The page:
Now on to bootloaders and etc.

Bootloaders are basically applications that can reside in a section of the chip you can "lock" into place (in the very beginning of the chip memory). You have to essentially "unlock" that portion of the chip first before you can burn the bootloader into place, and then you have to "lock" that bootloader into memory because if you do not, then when you try to upload a sketch to the chip, it will erase the bootloader *if you need that extra memory that a bootloader would take up, you could just unlock it, and just not re-lock the bootloader section so you could have more application space available to upload to the chip.

What does a bootloader do? Essentially they can be used for a number of reasons, but one of the more prominent reasons are to run a predefined set of instructions on boot to set the system up to help do a defined task. It could be to test the components it runs to ensure there are no errors, or even to expand the functionality of a chip.

Think of it like the bios of a computer. Basically same difference.

Computer
1/Turn on power
2/Bios run (start bootloader)
3/Bios test (ensure no big errors are going on with internal hardware)
4/provide user interface for changing hard drive on the fly or going into bios settings
5/point to the hard drive set as the master 1st boot drive as defined in settings
6/point to run the boot program on 1st boot drive at the start of the boot partition.

Atmega Chip
1/Turn on power
2/Is fuse selected to run bootloader first?
3a/If above bootloader fuse = no, then skip bootloader and run sketch (or hex file)
3b/If above bootloader fuse = yes, then run bootloader
4/do defined instructions in bootloader
5/point to start of unprotected (non-bootloader) memory
6/run sketch(or hex file.)
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Good explanation.

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Bootloaders are basically applications that can reside in a section of the chip you can "lock" into place (in the very beginning of the chip memory).
Chips like the atmega328 (with "boot section support") have the ability to put the bootloader at the END of memory, where it interferes less with a normal application (which will assume that IT is at the beginning of memory.)  So these chips have fuse bits that tell the chip just how much space at the end of memory is used by the bootloader (its size), AND there is an additional fuse bit that says "start at the beginning of the bootloader instead of at the address indicated by the reset vector" (which is at the beginning of memory.)  This makes both writing the bootloader easier, AND using it is much easier.  (You can implement a bootloader for a system that lacks this feature, but it gets complicated figuring out where the user's application starts, or you have to change the compilation to hard-wire that.)
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Gatineau, Qu
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Thanks for all the help you guys. smiley-wink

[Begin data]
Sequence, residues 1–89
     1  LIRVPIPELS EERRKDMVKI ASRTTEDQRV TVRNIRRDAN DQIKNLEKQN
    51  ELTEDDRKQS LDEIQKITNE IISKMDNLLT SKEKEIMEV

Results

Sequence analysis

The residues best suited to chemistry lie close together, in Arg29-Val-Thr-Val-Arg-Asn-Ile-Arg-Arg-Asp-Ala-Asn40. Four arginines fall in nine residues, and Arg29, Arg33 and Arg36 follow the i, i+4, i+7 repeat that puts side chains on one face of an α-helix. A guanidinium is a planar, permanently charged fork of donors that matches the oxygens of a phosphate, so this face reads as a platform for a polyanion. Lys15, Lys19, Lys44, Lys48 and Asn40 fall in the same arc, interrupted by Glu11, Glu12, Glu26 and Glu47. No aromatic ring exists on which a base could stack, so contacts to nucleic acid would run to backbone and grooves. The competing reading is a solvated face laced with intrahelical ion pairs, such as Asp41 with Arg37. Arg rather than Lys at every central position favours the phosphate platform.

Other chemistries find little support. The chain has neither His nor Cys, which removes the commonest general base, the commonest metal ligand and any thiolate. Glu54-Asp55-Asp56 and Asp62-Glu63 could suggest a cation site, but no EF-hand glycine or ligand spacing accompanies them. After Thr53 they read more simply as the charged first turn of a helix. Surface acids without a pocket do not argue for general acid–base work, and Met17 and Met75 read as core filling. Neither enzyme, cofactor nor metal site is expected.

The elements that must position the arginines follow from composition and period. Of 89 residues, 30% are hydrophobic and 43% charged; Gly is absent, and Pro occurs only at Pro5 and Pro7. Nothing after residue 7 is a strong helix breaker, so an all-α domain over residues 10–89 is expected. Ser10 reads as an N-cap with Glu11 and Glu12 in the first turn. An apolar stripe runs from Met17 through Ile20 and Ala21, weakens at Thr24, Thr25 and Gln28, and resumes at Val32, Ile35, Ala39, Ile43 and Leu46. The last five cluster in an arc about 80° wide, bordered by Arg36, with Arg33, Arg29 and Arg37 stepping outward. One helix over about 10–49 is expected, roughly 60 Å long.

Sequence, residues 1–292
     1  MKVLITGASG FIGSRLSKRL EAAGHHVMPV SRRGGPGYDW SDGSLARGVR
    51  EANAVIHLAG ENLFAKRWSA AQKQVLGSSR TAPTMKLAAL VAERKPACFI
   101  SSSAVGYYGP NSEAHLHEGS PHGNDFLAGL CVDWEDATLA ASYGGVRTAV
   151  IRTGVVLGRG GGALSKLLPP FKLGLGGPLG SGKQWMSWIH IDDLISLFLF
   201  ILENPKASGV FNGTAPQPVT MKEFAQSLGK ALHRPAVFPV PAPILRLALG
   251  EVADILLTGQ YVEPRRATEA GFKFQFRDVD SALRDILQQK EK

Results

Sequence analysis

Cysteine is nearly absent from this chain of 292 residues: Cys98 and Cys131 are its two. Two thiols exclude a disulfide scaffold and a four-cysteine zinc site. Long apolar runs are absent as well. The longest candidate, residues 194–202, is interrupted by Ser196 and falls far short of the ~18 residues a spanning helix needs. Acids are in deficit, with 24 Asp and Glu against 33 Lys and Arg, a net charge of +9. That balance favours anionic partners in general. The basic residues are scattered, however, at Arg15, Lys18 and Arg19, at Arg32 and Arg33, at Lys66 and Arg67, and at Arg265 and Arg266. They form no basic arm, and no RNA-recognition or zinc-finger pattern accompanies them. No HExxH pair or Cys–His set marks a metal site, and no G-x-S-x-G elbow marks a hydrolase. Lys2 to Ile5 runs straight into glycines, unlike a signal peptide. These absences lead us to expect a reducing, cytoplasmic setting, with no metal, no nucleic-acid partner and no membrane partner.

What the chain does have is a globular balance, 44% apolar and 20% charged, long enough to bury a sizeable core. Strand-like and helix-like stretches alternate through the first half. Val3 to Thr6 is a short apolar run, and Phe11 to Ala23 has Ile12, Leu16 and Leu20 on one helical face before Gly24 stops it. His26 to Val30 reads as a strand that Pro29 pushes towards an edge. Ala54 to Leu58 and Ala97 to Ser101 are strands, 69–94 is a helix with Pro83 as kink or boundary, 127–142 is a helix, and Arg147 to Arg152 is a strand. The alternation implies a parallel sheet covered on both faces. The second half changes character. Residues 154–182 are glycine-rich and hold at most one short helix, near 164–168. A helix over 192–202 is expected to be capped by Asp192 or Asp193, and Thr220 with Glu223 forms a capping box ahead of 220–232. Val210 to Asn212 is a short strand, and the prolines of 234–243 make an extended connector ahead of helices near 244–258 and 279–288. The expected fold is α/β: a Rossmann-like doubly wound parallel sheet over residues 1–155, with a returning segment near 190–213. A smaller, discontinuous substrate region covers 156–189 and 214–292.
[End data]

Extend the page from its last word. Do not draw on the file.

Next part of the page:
After a bit of research this is what I think I need to do.

To upload sketches to atmega8 with no bootloader, modify the high fuse in the board.txt.
It is now at 0xca (with bootloader activated) and I should change it to 0xcb to turn the bootloader off.

Is that right?

And for the atmega328p.......from 0xde to 0xdf.......right?

When dealing with avr microcontrollers you have what are called switches that are just codes that do certain things to the chip to either help it operate in certain ways, lock people from trying to reflash the chip or to try to pull code from the chip, or make it skip things, and etc.

Lock people from trying to pull code from the chip.......interesting! I need to look into that.
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As far as modifying boards.txt to unlock and ignore the bootloader, I will leave that answer to westfw because I am really not sure if that is correct or not and i am not on my computer with the ide to find out.

On locking (all the flash) on the chip, it is used by manufacturers to deter people from removing the chip from whatever product it's in and either wiping it and using it as a multipurpose chip (like we use it for) or pulling their closed source code for hacking.
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and either wiping it and using it as a multipurpose chip (like we use it for)

No matter how the fuses are set, using a high-voltage programmer an AVR processor can always be erased.
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and either wiping it and using it as a multipurpose chip (like we use it for)

No matter how the fuses are set, using a high-voltage programmer an AVR processor can always be erased.


Oh yeah, this is true. But it's just a slight deterant from doing so. Most people who are not that big into electronics wouldn't know how to unlock it. Tell you what though, it's good to have a HVP handi anyways, cause if you ever do accidentally lock yourself out of a chip (or do something like select the wrong oscillator type), you can always fix it smiley